Setting Up A Game Camera


Setting Up A Game Camera

By Chelsie Wilkey | GWG Team Ambassador


A proper game camera set up it a crucial part of scouting. When used properly a game camera can help maximize your chance of harvesting a mature buck and hunters depend on the way they set up their camera to produce results for the hunting season. By taking your time and following these tips you can also produce results and have an awesome scouting experience.[/vc_column_text][vc_single_image image=”44630″ img_size=”medium” alignment=”center”][/vc_column][/vc_row][vc_row][vc_column][vc_column_text]

Finding a location:

Just like hunting, you want to find a spot that is frequented by deer daily. Heavily used trails, water holes,ad food plots all make for good areas. The more signs of the target species, the more photos will be on your SD card.

Pinpointing the high traffic areas:

Now that you have found a location, you need to narrow it down to the highest traffic spots. Check for fresh tracks on the trails, around the water holes, or through the food plot. The main idea is to find the area in your location that will give you the largest volume of pictures on your SD card.

Facing your camera in the right direction:

One thing to consider is the sun. Sun flares can really mess with photos, so one simple step is to set the camera up, ideally, North. If that will not work with your location try to set it up facing South. Try to not set it up facing West or East, with the sun rising and setting those directions sunflares will be a part of all of your pictures.

Prepping the location:

Now that you have the perfect location picked it is time to make sure that there is not bushes, trees, or high grass that could ruin your pictures. Take your time and clear anything that might interfere, don’t go overboard. Keep in mind it still needs to look “natural”.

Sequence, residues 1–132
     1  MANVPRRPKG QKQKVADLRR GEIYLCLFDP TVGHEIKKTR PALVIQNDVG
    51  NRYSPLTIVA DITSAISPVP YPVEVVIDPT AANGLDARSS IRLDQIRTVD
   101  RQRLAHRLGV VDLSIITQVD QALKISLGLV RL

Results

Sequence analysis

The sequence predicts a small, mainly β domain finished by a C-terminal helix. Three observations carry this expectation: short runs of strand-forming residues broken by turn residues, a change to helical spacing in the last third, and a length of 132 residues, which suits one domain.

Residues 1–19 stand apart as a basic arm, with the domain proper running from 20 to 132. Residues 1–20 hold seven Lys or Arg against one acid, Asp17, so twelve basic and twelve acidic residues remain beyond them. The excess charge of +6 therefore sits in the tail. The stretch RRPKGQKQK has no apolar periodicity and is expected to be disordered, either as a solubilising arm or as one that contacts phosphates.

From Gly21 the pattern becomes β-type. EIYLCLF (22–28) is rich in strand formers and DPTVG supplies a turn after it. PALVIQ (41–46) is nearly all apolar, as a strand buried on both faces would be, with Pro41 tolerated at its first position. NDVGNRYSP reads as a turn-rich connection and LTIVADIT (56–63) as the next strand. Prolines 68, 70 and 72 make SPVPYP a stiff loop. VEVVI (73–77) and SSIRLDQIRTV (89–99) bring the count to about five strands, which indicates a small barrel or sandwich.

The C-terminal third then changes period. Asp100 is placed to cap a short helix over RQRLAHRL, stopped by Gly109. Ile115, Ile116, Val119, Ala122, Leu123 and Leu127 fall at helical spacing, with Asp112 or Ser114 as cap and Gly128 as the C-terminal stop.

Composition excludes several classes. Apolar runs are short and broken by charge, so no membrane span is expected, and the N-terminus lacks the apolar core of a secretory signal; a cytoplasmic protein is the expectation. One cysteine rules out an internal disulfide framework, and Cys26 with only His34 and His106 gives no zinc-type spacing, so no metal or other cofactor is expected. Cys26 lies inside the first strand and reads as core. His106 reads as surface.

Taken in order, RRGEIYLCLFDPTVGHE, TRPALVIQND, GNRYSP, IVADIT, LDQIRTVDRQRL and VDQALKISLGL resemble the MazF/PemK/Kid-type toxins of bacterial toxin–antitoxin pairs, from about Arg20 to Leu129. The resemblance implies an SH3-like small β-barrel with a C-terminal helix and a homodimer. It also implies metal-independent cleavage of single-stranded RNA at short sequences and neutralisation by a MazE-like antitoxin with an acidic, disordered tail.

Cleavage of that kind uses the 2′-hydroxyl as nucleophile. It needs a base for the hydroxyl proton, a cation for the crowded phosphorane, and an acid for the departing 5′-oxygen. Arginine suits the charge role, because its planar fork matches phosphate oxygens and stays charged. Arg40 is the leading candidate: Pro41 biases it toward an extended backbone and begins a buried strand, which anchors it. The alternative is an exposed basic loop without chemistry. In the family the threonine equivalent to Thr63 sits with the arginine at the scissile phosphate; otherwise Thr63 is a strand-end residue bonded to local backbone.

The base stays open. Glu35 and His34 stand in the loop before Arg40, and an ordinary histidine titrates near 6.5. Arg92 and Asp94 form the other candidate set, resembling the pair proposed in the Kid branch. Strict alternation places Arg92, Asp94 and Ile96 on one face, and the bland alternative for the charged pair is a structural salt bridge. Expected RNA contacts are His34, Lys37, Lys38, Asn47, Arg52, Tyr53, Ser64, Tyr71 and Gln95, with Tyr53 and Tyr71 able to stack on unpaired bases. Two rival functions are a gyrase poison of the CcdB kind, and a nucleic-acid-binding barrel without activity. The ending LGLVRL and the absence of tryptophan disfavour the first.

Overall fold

Picking the perfect height:

Higher cameras tend to take better quality pictures. Putting a camera higher, around 6 feet high and angling it down, can also minimize the chance of the deer spotting the camera. If the camera is lower and deer spot them sometimes they will move out of the area and not return. (We don’t want that to happen!)

Blend it in:

When hunting we want to blend in as much as possible, right? Same goes for cameras. Brush them in a little, I know we talked about getting rid of stuff that is in the way but we are now just trying to camouflage it a little. Putting a few branches around the camera or through the strap can keep your camera from sticking out like a sore thumb.

The perfect settings:

Now comes the fun part, playing with the camera settings. Multishots or video tend to give the best view of the animal, just because they tend to move quickly. Play around with the settings and see which settings work best with the location.

When to check:

Try to keep checking your camera to a minimum. Once a week or every other is ideal. The less human scent that is in the area the more activity you will have in the long run. If you are baiting the location and need to re-bait try to do it once a week.

The end results:

All of your hard work will show in the photos! Anytime you set up a camera keep these steps in mind, adjust if needed so you can continue getting quality photos! Good luck this hunting season![/vc_column_text][vc_media_grid grid_id=”vc_gid:1595355694875-53e8f74a-246d-9″ include=”44627,44628,44629″][/vc_column][/vc_row]

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